2.14 / Review

Isn’t It Obvious

By Mary Anne Kluth March 21, 2011

Isn’t It Obvious, on view at the San Francisco Arts Commission (SFAC) Gallery through April 2, comprises a variety of works based in banal materials and subjects whose formal and metaphorical scope is expanded through simple, playful manipulation.

Jumping (2010), by Matt Kennedy, is a video playing on an analog monitor, perched on an eighty-four-inch-tall pedestal. The video shows a white wall and, occasionally, a man’s bespectacled face popping up from the bottom of the shot with the unmistakable cadence and movement of a person jumping. If the monitor were slightly larger, the face would be life-size and the effect would be as if a person were trapped in the pedestal, jumping up to peek out the window of the screen—which is, of course, impossible. The uncanny effect is elegant and enjoyable for its own sake, but also points out how familiar technologies can become intuitively invisible, in this case impelling viewers to suspend their own understanding of physics.

Kristina Lewis’ installation contains three interconnected sculptural elements titled Rigging the Weather, Sentry, and Apprentice (all 2009), which all use found umbrellas, piano wire, and metal hardware. The materials have been reconfigured and, through repetition, their once simple functional forms have taken on larger, mechanistic implications. The main body of the piece is dark and ominous, looming, suspended in the space, appearing to float above severely angled anchors, as if preparing for some weather event by going above and beyond the capabilities of our current technology.

Jasmin Lim’s photographs use translucent plastic sheeting and water to suggest, without revealing, some potential landscape or imagery. Occasionally a droplet will refract the pattern of a television screen, but there are few other clues to the source of her images’ gentle coloration, creating photos that oscillate between figuration and abstraction.

Lindsey White’s Rock (2010) is a digital video of a natural stone surface displayed on an analog monitor viewable through

Matt Kennedy. Jumping, 2010; video (duration 6 min 32 sec), pedestal; 84 x 23.5 in. Courtesy of the Artist and San Francisco Arts Commission Gallery.

Kristina Lewis. Rigging the Weather, 2009; found umbrellas, cord, cable, piano wire, metal hardware, thread, adhesive; dimensions variable. Courtesy of the Artist and San Francisco Arts Commission Gallery.

a hole cut into a decorative plastic rock. The time-based footage is ostensibly playing, though the subject is inert. The video refers to a specific rock and imposes a deadpan expectation of closed-circuit simultaneity; while the plastic, fake-rock housing points to a categorical idea of rock-ness, its unconvincing surface texture and flimsy materiality are highlighted by the immediate comparison. Ultimately, the arrangement presents a dialog about presence and technology, because the fake rock, itself a technology to simulate a general rock, is present in the space and thus more physically real than the actual rock in the video. In both counts, technology stands in completely for the absent and obscure subject.

Arthur/Allan’s videos and found object installations examine the humdrum of city government. Desk on Desk on Desk (2011) is a set of three heavy wood office desks stacked directly on top of one another. Their patina of age and the similar design of the drawer pulls suggest an entrenched aesthetic tradition; and the stacking, which creates a furniture monolith, parodies administrative redundancy. Three utilitarian objects are made useless in this arrangement. Listed as "found in Veterans Building storage," the piece questions whether just the obsolete objects or the entire arrangement functions as a readymade.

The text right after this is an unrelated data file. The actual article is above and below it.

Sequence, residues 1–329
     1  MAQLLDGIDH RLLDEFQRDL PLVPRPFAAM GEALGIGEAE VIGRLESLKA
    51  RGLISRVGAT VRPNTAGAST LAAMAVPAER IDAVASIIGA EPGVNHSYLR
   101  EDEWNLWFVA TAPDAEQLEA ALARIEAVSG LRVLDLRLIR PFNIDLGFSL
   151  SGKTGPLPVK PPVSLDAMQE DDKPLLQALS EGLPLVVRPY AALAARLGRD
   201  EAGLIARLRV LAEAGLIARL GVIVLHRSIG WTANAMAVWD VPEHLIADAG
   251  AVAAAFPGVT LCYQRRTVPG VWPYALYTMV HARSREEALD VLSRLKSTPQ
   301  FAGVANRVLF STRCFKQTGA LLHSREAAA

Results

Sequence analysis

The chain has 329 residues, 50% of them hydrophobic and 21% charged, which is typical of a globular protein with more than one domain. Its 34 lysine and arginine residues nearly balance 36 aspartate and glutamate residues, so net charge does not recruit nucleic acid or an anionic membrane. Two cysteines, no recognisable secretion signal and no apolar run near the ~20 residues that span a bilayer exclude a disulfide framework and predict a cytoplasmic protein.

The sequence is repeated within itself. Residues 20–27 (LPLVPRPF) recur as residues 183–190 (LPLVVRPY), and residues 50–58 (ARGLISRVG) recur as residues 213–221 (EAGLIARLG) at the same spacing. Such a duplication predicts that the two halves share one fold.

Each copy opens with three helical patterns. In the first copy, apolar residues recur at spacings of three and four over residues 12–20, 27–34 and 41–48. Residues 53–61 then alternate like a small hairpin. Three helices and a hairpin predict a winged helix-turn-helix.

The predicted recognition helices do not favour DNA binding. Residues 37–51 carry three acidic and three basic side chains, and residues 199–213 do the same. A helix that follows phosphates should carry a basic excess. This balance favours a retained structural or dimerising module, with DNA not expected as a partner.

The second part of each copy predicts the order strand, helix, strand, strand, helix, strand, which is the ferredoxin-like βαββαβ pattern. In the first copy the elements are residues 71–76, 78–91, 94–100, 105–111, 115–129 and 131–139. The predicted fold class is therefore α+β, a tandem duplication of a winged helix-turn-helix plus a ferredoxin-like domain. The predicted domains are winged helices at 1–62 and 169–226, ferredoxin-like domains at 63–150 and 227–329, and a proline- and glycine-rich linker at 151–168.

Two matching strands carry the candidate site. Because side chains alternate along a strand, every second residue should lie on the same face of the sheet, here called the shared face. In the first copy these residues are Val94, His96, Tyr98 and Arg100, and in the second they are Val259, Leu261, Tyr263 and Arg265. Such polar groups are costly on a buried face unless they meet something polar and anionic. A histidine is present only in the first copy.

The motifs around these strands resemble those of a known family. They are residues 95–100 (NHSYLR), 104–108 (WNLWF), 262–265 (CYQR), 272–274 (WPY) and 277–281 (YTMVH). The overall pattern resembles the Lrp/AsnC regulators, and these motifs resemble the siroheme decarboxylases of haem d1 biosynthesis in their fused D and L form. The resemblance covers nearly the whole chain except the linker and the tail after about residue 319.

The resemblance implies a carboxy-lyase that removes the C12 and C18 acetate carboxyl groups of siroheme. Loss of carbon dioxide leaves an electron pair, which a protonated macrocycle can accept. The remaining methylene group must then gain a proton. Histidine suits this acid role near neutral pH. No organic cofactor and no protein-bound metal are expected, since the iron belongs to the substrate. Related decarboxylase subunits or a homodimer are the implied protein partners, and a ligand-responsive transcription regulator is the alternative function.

City Hall (2011), a collection of short video pieces running in succession on three channels, shows the two characters of Arthur and Allan, played by artists Chris Sollars and Brion Nuda Rosch, dressed in matching slacks, dress shirts, and ties, climbing on public sculptures, impersonating statuary in city hall, playing with public hand sanitizer, and good-naturedly trespassing in unused civic spaces. Documenting simple, harmless, and amusing actions, together the shorts question the intended function of public space and poke fun at the expectation of propriety in places supposedly belonging to all of the city’s constituents.

Two segments in particular point to a critical aspect of Arthur/Allan’s reflexive process. Books by Allan on Arthur and Books by Arthur on Allan show the duo in a library, stacking books and fitting the namesake criteria on one another’s bodies. While the activity is schoolboy unruliness, as a metaphor, it enacts the reciprocal attention and validation that bolsters good ol’ boy networks and gray area ethics possible in any system of power.

Like City Hall, each work in Isn’t It Obvious creates multiple registers of meaning, retaining the simple legibility of its subject matter but pointing at larger questions. Each is, in its own way, a hack, a repurposing of an existent system. Arthur/Allan’s activities constitute a low-key building hack, and Lewis’ reconfiguration of umbrellas shares the same method of recycling with much humbler DIYs in ReadyMade magazine. White, Lim, and Kennedy refocus the inquiry of their work, departing from simple subjects to involve viewers’ expectations about media, physics, and technology.

 

Isn’t It Obvious is on view at the San Francisco Arts Commission Gallery through April 2, 2011.

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